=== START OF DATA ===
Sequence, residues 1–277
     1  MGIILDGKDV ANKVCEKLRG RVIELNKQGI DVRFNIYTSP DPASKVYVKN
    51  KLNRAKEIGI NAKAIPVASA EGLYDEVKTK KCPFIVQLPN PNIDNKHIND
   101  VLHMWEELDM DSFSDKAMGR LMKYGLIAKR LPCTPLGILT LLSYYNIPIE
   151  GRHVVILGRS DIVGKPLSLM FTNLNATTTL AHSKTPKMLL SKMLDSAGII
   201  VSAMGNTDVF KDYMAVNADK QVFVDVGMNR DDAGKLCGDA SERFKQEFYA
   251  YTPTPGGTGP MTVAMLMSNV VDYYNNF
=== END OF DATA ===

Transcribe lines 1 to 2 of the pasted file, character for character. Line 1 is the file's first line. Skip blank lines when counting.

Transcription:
Sequence, residues 1–277
     1  MGIILDGKDV ANKVCEKLRG RVIELNKQGI DVRFNIYTSP DPASKVYVKN